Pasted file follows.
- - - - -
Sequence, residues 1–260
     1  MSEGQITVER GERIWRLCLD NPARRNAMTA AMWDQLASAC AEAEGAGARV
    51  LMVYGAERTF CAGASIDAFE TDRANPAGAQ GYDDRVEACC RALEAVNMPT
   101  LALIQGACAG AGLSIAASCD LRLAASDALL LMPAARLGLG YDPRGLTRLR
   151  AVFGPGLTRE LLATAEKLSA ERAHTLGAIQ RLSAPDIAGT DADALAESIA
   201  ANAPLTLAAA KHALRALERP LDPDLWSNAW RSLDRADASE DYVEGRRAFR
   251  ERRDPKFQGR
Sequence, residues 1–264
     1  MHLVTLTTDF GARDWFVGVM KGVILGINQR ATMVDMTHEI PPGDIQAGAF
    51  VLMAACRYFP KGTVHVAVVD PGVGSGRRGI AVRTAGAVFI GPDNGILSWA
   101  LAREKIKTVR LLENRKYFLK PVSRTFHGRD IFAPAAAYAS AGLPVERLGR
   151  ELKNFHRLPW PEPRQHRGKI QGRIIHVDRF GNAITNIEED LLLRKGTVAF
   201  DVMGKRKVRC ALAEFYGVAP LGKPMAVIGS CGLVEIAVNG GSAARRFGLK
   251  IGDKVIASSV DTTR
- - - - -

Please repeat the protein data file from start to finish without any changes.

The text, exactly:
Sequence, residues 1–260
     1  MSEGQITVER GERIWRLCLD NPARRNAMTA AMWDQLASAC AEAEGAGARV
    51  LMVYGAERTF CAGASIDAFE TDRANPAGAQ GYDDRVEACC RALEAVNMPT
   101  LALIQGACAG AGLSIAASCD LRLAASDALL LMPAARLGLG YDPRGLTRLR
   151  AVFGPGLTRE LLATAEKLSA ERAHTLGAIQ RLSAPDIAGT DADALAESIA
   201  ANAPLTLAAA KHALRALERP LDPDLWSNAW RSLDRADASE DYVEGRRAFR
   251  ERRDPKFQGR
Sequence, residues 1–264
     1  MHLVTLTTDF GARDWFVGVM KGVILGINQR ATMVDMTHEI PPGDIQAGAF
    51  VLMAACRYFP KGTVHVAVVD PGVGSGRRGI AVRTAGAVFI GPDNGILSWA
   101  LAREKIKTVR LLENRKYFLK PVSRTFHGRD IFAPAAAYAS AGLPVERLGR
   151  ELKNFHRLPW PEPRQHRGKI QGRIIHVDRF GNAITNIEED LLLRKGTVAF
   201  DVMGKRKVRC ALAEFYGVAP LGKPMAVIGS CGLVEIAVNG GSAARRFGLK
   251  IGDKVIASSV DTTR